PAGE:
Book review: Penguin Classics Science Fiction Series

The paberback imprint’s nod to its pioneering heyday with a series of classic science fiction works is entirely appropriate, writes Stuart Kelly

The cover designs for Penguin's Science Fiction Classics
The cover designs for Penguin's Science Fiction Classics

Between the Era of the Penguin Classics Black Spines (1963, designed by Facetti, sans-serif font) to the Age of the New Black Spines (2003, italic book title, author in russet tones) there were the brief Years of the Flash Top Black Spines. It was a simple colour coding: red for English language, yellow for European (which included Russia and Scandinavia), green for “Oriental” and purple for the Greek and Roman classics.

I wonder if the design of these new “Penguin Classics Science Fiction” is a slight nod, as they are handsome books with purple spines. The new Emperor was said to have “taken the purple” – has science fiction now become more important than Sophocles and Cicero? They also have the most beautiful covers: black and white line drawings by Le Corbusier, Hans Arp, Picasso, Saul Steinberg and others. If you expect science fiction to come in polychrome fluorescence, with a vaguely phallic spaceship, then this insists on a different idea; that science-fiction and Modernism always went hand in hand.

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The first ten titles are a wonderfully eclectic selection, and prove that science fiction is not a unitary genre. There are collections of short stories, philosophical speculations, horror, satire and that great category, “uncategorisable”. The earliest dates from 1884; Edwin A Abbott’s Flatland, a “romance of many dimensions” and a mathematical primer. Zamyatin’s We (1924) is to my mind a much greater dystopia than either Orwell or Huxley. There is a judicious selection of three HP Lovecraft stories, from 1927, 1930 and 1935, very much in his cosmic terror vein rather than his more racist tone. Although I like Kurt Vonnegut’s Cat’s Cradle (1963), with its freewheeling polemic and apocalyptic concept, I might have preferred either The Sirens Of Titan or the more metafictional Breakfast Of Champions to re-read.

Another familiar name might be Stanislaw Lem, mostly because his novel Solaris has been filmed three times, once by Tarkovsky. It is ingenious to take a less well-known work of his, The Cyberiad (1965), since it showcases his other registers. Two “constructors” – robots or embodied artificial intelligences – called Trurl and Klapaucius, who are friends and rivals, have various adventures and mishaps, almost akin to a Bouvard and Pécuchet, or Vladimir and Estragon, or Laurel and Hardy of Outer Space. Although it is funny, it is serious; not just in the metaphysical speculations but in the sheer unimaginable nature of what they are describing. The word-play and ingenuity in this is laugh-a-page good.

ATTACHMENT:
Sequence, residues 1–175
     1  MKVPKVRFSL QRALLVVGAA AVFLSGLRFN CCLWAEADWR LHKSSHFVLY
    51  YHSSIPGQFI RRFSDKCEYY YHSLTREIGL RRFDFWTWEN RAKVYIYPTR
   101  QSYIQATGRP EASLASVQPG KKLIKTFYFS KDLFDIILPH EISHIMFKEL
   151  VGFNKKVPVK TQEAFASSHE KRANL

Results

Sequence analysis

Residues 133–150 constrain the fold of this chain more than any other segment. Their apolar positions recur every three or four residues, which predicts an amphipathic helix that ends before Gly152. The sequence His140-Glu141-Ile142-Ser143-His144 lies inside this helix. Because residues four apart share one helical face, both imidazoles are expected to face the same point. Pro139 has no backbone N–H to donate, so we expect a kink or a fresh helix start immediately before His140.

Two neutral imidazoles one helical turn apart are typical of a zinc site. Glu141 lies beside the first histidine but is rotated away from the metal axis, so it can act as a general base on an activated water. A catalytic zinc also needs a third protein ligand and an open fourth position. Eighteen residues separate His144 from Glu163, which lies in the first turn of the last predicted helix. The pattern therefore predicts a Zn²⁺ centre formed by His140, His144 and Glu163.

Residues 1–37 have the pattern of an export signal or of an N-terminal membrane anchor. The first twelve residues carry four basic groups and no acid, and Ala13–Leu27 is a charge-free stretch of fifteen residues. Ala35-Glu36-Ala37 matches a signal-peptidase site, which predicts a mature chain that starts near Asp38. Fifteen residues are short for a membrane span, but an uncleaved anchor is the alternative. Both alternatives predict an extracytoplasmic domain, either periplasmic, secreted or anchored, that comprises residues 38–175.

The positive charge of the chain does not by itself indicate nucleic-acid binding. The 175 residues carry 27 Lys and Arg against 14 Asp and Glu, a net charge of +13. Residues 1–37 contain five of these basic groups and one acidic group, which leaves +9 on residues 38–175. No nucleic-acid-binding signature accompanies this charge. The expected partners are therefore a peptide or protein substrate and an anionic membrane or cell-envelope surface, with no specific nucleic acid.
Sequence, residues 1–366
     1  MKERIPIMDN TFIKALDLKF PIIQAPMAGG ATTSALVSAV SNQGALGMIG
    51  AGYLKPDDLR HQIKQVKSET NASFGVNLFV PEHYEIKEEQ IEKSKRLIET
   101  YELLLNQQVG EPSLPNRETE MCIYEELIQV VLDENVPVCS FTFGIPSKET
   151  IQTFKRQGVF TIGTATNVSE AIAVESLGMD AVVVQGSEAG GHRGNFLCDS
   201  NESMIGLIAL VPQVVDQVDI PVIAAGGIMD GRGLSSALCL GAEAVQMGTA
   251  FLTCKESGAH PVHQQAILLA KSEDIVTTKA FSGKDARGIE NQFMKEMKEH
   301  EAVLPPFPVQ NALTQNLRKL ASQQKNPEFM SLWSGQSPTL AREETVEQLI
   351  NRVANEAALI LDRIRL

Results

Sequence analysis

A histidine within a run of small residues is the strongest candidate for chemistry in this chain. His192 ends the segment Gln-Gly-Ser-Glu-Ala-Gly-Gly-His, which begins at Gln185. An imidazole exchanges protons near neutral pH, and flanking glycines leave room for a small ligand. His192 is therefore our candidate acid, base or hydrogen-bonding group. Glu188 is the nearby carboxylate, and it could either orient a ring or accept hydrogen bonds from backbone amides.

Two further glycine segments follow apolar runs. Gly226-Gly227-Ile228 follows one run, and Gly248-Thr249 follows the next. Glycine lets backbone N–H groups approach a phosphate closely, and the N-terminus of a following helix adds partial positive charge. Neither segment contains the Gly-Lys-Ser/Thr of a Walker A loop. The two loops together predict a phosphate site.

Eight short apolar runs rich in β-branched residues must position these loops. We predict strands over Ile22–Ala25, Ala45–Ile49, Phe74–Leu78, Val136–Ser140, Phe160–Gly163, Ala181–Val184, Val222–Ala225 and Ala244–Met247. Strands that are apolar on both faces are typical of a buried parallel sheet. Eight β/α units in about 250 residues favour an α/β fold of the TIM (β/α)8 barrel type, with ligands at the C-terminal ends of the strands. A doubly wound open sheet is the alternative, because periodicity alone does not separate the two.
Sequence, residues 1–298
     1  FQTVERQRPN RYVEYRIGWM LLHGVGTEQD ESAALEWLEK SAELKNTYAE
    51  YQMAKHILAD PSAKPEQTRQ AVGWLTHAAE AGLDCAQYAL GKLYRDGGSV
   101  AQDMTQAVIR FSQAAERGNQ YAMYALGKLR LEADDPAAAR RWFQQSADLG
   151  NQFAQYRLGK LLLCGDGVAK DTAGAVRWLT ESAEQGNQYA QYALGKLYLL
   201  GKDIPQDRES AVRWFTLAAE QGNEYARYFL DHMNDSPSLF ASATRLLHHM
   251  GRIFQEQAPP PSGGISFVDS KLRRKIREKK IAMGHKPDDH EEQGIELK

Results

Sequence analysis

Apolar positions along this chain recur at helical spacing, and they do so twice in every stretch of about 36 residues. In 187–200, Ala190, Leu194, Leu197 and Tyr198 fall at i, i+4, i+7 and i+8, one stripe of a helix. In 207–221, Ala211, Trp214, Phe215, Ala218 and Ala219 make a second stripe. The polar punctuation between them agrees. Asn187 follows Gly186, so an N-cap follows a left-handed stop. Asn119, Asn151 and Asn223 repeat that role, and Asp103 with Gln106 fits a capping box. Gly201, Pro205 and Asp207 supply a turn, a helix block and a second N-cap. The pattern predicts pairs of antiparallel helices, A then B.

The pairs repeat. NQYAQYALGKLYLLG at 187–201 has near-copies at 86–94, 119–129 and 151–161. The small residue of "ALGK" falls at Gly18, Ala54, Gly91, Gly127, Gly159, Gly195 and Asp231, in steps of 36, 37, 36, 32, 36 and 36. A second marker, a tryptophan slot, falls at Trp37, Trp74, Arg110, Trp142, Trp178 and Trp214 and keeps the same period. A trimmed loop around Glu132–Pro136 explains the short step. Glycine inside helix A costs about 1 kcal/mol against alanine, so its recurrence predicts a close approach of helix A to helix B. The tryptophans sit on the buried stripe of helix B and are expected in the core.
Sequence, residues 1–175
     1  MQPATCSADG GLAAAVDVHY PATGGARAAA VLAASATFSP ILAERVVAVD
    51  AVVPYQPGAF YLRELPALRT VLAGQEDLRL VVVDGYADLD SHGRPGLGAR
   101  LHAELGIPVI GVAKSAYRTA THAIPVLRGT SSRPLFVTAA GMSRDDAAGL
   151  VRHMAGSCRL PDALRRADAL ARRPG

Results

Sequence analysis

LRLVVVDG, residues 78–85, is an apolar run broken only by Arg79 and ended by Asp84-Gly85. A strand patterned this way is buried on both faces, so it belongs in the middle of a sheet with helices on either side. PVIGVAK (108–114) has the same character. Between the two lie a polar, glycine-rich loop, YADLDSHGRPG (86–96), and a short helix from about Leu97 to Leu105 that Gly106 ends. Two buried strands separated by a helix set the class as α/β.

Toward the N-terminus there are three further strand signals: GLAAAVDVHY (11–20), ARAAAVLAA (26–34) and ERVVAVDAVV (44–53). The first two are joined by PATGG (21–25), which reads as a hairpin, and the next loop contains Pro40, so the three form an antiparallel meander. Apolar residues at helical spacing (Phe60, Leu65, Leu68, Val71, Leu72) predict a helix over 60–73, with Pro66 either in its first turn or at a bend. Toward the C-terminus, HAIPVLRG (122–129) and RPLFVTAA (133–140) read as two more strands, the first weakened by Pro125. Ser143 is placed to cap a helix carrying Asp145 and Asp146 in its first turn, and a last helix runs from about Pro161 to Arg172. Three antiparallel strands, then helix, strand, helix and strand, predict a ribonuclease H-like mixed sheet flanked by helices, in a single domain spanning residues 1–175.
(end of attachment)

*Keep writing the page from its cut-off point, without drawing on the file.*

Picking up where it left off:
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It was clever, too, to include Arkady and Boris Strugatsky’s One Billion Years To The End Of The World (1977), a piece of Soviet dark comedy where Dmitri can never make his scientific discovery because of interruptions, secret policemen and jealous colleagues, leading to more and more fanciful interpretations of what is actually going on. The story “Roadside Picnic”, not here, alas, by the brothers also was the inspiration for Tarkovsky’s Stalker.

I hadn’t read Robert Sheckley before, but on the basis of Dimensions Of Miracles (1968), I certainly will. There is an effervescence to this novel, about a hapless Galactic Lottery winner who finds getting home is more difficult than picking up the prize. The comparisons with Douglas Adams are apt, but Sheckley seems to go deeper into the weirdness of what the unknown might be like. Also, it has a comedy dinosaur and my favourite line of any of them: one subcontractor for creation says, of churches, “Why should I go to a place that a God would not enter?”

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The others were complete revelations. Trafalgar (1973) by Angélica Gorodischer is interlinked stories, featuring the eponymous anti-hero. Although the stories are told in contemporary Argentina, Trafalgar himself is a gadabout, skipping from planet to planet with nary a care in the world except turning a profit. The disjunction between a clearly evoked reality and multiple alternate worlds is part of the charm, but there is steel here too. A story like “The González Family’s Fight For A Better World” is horrific, with the dead having a literal death-grip on the living. I had read a few stories by James Tiptree Jr, but 10,000 Light-Years From Home (1973) was something of an eye-opener. For a start “James Tiptree Jr” was actually Alice Sheldon, and reading the stories made me wonder why anyone was taken in by the pseudonym. The range here is staggering. One story, “Faithful To Thee, Terra, In Our Fashion” is a bleak satire on Monster Truck derbies. “The Man Doors Said Hello To” is gooseflesh. The stories especially about femininity and bureaucracy (who thought science fiction could do the meaning of logistics management?) are superlative.

Finally, there is Andreas Eschbach’s The Hair-Carpet Weavers (1995). I have never read anything like it. On a distant planet, an indentured but respected class devote their lives to weaving carpets, made from their wives’ hair, to festoon the Emperor’s palace. Rumours abound that the Emperor is actually dead. There are no hair-carpets in the palace, but they were always sent on time. Each chapter had me click “so here’s our hero” and each time I was wrong. The ending is devastating, and as a work about what totalitarianism actually is, it is nonpareil. Science fiction is not genre. It is Literature.

Penguin Classics Science Fiction, £8.99 each

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